The contamination of Cr, which is expected to be from industrial waste, is not applicable to any collected samples except for Ipoh (IP). Even for IP, the industries are located 3 km away and do not contain any steel or mill plants. However, it can be found due to erosion of natural deposits from the surrounding areas. The slight higher concentration of Pb in IP (0.0028 mg/L) than other locations may be due to the piping used for the water distribution system [3, 39] and also the surrounding soil which may have a higher amount of Pb, which may be leached into the water. The slight concentrations of Hg in samples may be due to erosion of natural deposits, which are abundantly available in these residential areas of Perak state. The other common sources of Hg can be the erosion of natural deposits, discharge of waste from refineries and related factories, and runoff from landfills and crops [1013]. The IP is located near to a small industrial area, which can be the source of Hg despite the possible source of contamination from erosion of natural deposits.

The higher concentrations of As in the regions of IP and Seri Iskandar (SI) may be due to the chemical fertilizers used in the surrounding rice fields. Meharg et al. [40] reported the presence of As in the rice grain and the soil due to chemical fertilizers. Geographically, the IP is located near to Kinta small-medium industrial area, which may be causing the higher concentration of As in the analysed sample. The other sources of As can be erosion of natural deposits, runoff from orchards, manufacturing of semiconductor, and waste runoff from glass and electronics production plants [1921].

In Malaysia, Perak state was known to be a land of minerals and tin-mining. Metal mining is found to be the second largest source of metal contamination in soil [41]. This includes metals such as Zn, Cu, Pb, and Sn. The highest concentration of Sn is found in three samples (UTP, TM, and TRO) with the value of 0.007 mg/L (Table 4). These areas are found to be the ex-tin-mining area or near to a tin-mining area. Rivers passing mining areas could carry with them the Sn and As. There is no maximum concentration of Sn set by WHO and NDWQS (Table 2), as it is not considered to be primary or secondary pollutants for drinking water. The metals can enter the water during the treatment process. Sn can also leach from Sn-Pb solder joints [42]. Corrosion and dissolution of the joint can be the potential source of Sn, Cd, Zn, Cu, and Pb leaching into the water. The inorganic Sn which is quantified in this study is known to have low hazard to human and animals. However, this can be converted into the second most toxic organic Sn such as methyltin through bacterial reaction [42]. Therefore, the high concentration of inorganic Sn can also pose a high risk to health as it can be converted into an organic Sn that can cause neurotoxic effect to human and animals [43]. It can be concluded that all the water is safe to drink as the values of drinking water quality parameters studied fall far below the maximum allowable limits.

3.3. Future Work

For a detailed analysis of water quality in Perak state, the monitoring and analysis should be carried out for a longer period of time. The minimum time for such monitoring should be one year in order to have a series of data or trends to confirm the study reliability. Standardization of the sampling locations would also help in making the obtained data more comparable with scientific findings. Study can be carried out in assessing concentration of Sn in the human body through analysis of urine or blood paired with health impact assessment to a population in certain locations, which may have been affected by high concentration of Sn in drinking water. The analysis of water parameters should be analysed in advanced analytical techniques such as Inductively Coupled Plasma-Mass Spectrometer (ICP-MS) in comparison to FAAS (used in current study) due to high detection limits (Table 5). Besides the chemical and heavy metal analysis, the microorganisms (protozoa parasite, algae, bacteria, and virus), radionuclides (radioactive material’s such as uranium), and disinfectants should be analysed using advanced techniques such as ICP-MS.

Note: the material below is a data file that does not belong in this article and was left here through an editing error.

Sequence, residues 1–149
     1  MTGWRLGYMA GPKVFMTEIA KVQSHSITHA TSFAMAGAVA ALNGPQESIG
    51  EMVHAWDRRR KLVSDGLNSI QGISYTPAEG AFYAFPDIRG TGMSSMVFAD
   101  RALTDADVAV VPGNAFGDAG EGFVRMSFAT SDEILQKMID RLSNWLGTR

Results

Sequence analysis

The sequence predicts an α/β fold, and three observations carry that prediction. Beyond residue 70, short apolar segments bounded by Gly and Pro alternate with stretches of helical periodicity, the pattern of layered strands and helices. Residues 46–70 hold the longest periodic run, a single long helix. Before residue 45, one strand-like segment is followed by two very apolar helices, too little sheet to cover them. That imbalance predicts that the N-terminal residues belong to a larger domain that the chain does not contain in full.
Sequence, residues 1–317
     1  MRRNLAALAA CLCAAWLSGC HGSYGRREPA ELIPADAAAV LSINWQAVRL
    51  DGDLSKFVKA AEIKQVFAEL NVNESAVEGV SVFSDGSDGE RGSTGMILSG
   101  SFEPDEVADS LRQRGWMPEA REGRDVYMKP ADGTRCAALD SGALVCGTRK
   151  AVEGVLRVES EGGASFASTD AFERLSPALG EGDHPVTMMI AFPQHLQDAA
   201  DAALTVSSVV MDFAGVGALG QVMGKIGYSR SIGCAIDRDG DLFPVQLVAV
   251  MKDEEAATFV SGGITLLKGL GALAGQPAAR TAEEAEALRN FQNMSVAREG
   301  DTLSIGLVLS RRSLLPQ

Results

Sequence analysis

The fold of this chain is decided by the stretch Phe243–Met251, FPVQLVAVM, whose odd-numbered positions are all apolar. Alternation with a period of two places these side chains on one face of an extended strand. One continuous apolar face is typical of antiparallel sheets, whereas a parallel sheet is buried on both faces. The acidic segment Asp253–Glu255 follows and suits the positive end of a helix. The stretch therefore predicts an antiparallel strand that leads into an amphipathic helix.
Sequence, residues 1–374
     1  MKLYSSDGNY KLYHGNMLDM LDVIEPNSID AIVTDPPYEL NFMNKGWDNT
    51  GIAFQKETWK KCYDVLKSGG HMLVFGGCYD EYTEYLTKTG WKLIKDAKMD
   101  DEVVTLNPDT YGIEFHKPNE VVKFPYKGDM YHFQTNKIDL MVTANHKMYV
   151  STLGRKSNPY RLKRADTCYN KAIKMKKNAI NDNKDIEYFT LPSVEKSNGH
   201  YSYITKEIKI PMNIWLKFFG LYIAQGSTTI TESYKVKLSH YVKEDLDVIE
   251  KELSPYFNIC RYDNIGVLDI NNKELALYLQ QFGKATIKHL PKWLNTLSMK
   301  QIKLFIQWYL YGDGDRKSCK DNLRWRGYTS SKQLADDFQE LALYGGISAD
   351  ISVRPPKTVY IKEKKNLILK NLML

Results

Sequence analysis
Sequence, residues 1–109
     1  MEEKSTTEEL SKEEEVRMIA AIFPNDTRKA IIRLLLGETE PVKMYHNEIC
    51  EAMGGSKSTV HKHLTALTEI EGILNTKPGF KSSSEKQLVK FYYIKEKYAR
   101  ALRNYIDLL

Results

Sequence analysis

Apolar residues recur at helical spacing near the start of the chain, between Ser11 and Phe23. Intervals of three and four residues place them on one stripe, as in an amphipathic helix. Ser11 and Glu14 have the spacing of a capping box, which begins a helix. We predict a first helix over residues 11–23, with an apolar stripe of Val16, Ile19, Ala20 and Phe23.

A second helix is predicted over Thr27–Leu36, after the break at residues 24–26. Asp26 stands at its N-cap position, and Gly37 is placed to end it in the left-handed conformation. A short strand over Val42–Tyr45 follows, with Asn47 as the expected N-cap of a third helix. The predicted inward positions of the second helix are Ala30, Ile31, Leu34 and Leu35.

Table 5: Comparison of detection limits of selected heavy metals using FAAS and ICP-MS [25].

4. Conclusions

The values of water quality parameters such as pH, conductivity, turbidity, TDS, and TSS from all samples collected from different residential and commercial areas of Perak state were found to be within the recommended limits of WHO and NDWQS. The concentrations of 10 heavy metals (Cu, Zn, Mg, Fe, Cd, Pb, Cr, As, Hg, and Sn) were also measured and found to be well below the standard maximum concentrations. Therefore, the quality of tap drinking water is good in residential areas of Bandar Universiti (BU), Bandar Seri Iskandar (BSI), Siputeh (SIP), Tronoh (TRO), Taman Maju (TM), Batu Gajah (BG), Universiti Teknologi PETRONAS (UTP), and Ipoh (IP) in Malaysia. However, it is also important to investigate other potential water contaminations such as chemicals and microbial and radiological materials for a longer period of time, including human body fluids, in order to assess the overall water quality of Perak state.

Acronyms and Abbrevations

APHA:American Public Health Association
ASTM:American Society for Testing and Materials
BG:Batu Gajah
BU:Bandar Universiti
BSI:Bandar Seri Iskandar
FAAS:Flame Atomic Absorption Spectrometer
ICP-MS:Inductively Coupled Plasma-Mass Spectrometer
MW:Bottled mineral water
NDWQS:National Drinking Water Quality Standard
PWB:Perak Water Board
TDS:Total dissolved solids
TM:Taman Maju
TSS:Total suspended solids
UTP:Universiti Teknologi PETRONAS
WHO:World Health Organization

Conflict of Interests

The authors declare that there is no conflict of interests regarding the publication of this paper.


The authors would like to thank the Chemical Engineering Department at Universiti Teknologi PETRONAS for the support. The appreciation is also extended to all technologists and technicians of the Chemical Engineering Department, Perak Water Board (PWB), Public Health Division of Perak Health Department and Research and Innovation Office (RIO) for their continuous help and support.